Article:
By Fredrica Syren:
Never has there been so much discussion about the cost of health care as in recent years. Yes, I agree it’s getting very expensive to be sick and have health insurance. Even living in Sweden, where health care is pretty much free, it’s getting expensive. Here you’re talking about a mom of three kids so, yes, I spend a fair amount of money on health care. It’s no wonder that health care is getting pricey because we’re getting sicker. Heart disease, cancer and diabetes are on the rise and, unfortunately, obesity is the reason for many of these problems.
Today more than 1/3 of all men in the U.S. are obese; and obesity related illnesses such as cancer, hearth disease, stroke and osteoarthritis are also on the rise because of it. In a country like the U.S., despite the abundance of beautiful vegetables and fruits, the general public are not avid plant-based food eaters and have an obesity epidemic. Sadly, obesity in America is costing $190 billion annually in national healthcare, all because the obesity rate has risen a full 34% since 1960. The cost is mainly for treating obesity, not so much for preventing in it.
In Europe 1 in 13 deaths are attributed to obesity today, The U.K., for example, estimates that the cost of treating obesity will reach £27 billion by 2015. Obesity is clearly a global epidemic.
Childhood obesity has also increased substantially over the past three decades. The numbers are scary: approximately 17% of children and adolescents (aged 2 to 19) in the U.S. are obese. Childhood obesity is a huge financial burden for the government and taxpayers. In 2008, about $14.1 billion was spent to treat children with obesity related issues in the U.S. alone. This cost will just keep on growing as the child does because children who are obese or overweight tend to end up with serious health consequences such as heart disease, diabetes, stroke, certain cancers, and osteoarthritis.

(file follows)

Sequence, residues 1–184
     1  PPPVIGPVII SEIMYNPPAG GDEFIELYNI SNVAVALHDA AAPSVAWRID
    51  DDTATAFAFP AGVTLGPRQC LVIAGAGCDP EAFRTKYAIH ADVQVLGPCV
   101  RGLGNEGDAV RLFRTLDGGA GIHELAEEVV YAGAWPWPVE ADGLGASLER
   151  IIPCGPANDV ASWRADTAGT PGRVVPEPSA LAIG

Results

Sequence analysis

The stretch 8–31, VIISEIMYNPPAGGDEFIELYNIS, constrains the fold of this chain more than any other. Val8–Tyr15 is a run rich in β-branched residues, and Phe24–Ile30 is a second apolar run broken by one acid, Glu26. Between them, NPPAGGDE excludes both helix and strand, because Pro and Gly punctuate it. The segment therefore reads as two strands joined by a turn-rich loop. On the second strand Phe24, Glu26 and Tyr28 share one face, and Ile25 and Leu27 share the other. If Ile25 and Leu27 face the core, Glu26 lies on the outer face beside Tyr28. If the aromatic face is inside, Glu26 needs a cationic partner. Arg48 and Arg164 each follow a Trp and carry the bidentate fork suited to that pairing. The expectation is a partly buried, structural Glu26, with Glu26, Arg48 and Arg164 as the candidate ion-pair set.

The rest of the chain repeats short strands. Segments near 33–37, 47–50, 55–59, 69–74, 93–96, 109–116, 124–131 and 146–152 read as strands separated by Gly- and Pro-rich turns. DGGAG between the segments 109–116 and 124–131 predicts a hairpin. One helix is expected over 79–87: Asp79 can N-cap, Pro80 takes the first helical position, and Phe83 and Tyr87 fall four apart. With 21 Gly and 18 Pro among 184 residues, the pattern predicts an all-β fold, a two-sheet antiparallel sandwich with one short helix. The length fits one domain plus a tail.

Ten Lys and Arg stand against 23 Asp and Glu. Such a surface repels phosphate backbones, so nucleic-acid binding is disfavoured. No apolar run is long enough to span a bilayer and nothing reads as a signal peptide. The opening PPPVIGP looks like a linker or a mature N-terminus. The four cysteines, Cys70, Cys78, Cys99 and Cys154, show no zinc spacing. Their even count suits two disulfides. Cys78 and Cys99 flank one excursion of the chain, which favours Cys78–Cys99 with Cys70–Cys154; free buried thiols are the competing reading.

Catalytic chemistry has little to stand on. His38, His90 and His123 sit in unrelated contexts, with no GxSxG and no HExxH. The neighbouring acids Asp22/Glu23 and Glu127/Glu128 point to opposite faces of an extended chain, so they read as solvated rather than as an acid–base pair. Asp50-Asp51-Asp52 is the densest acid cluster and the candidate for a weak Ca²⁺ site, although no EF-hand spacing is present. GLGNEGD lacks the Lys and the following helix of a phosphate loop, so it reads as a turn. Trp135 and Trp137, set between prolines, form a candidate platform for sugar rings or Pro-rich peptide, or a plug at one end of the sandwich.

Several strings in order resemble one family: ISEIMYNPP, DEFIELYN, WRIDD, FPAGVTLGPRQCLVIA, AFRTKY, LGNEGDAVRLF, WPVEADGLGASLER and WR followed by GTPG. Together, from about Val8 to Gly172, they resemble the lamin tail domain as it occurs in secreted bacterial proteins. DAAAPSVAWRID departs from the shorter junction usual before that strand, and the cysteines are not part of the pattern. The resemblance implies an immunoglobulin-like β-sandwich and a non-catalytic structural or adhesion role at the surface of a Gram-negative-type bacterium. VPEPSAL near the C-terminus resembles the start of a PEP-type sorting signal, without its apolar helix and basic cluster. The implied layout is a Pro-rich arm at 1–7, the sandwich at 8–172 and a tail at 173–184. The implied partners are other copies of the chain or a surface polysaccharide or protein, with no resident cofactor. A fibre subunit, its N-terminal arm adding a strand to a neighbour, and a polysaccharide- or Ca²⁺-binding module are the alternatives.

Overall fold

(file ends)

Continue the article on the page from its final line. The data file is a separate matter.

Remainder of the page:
So how do we stop this epidemic? Prevention is the only real answer, and it has to happen now. We no longer can hide behind a rock and blame fast-food restaurants, media and or genes. The change has to come from everyone: governments and schools, businesses and nonprofit organizations, neighborhoods and communities, individuals and families. The fact is that we need to teach children in particular about healthy habits, and it begins with eating fewer processed foods, and more fruits and vegetables.
According to research done by the Harvard School of Public Health, these are the areas that need to be worked on:
- Limiting unhealthy foods (refined grains and sweets, potatoes, red meat, processed meat) and beverages (sugary drinks)
- Increasing physical activity
- Limiting television time, screen time, and other “sit time”
- Improving sleep
- Reducing stress
The silver lining of fighting obesity is that we would get back to basics: eating a healthy diet, living a healthy life; and taking personal responsibility for the care of oneself, friends and family. Together we can fight this, but we need to start TODAY.